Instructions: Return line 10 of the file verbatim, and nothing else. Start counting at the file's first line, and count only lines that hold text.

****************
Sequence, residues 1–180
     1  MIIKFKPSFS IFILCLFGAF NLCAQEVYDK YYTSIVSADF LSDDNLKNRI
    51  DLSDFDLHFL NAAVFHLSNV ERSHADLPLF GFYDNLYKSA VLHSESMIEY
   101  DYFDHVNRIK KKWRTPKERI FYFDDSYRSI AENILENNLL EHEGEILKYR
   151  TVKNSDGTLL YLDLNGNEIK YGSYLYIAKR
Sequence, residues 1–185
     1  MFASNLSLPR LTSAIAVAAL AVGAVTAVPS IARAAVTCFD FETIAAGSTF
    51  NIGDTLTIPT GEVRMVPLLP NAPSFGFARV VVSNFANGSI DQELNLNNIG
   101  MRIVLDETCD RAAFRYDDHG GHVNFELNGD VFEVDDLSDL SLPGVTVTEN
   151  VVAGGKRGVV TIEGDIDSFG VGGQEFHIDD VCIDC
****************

   151  VVAGGKRGVV TIEGDIDSFG VGGQEFHIDD VCIDC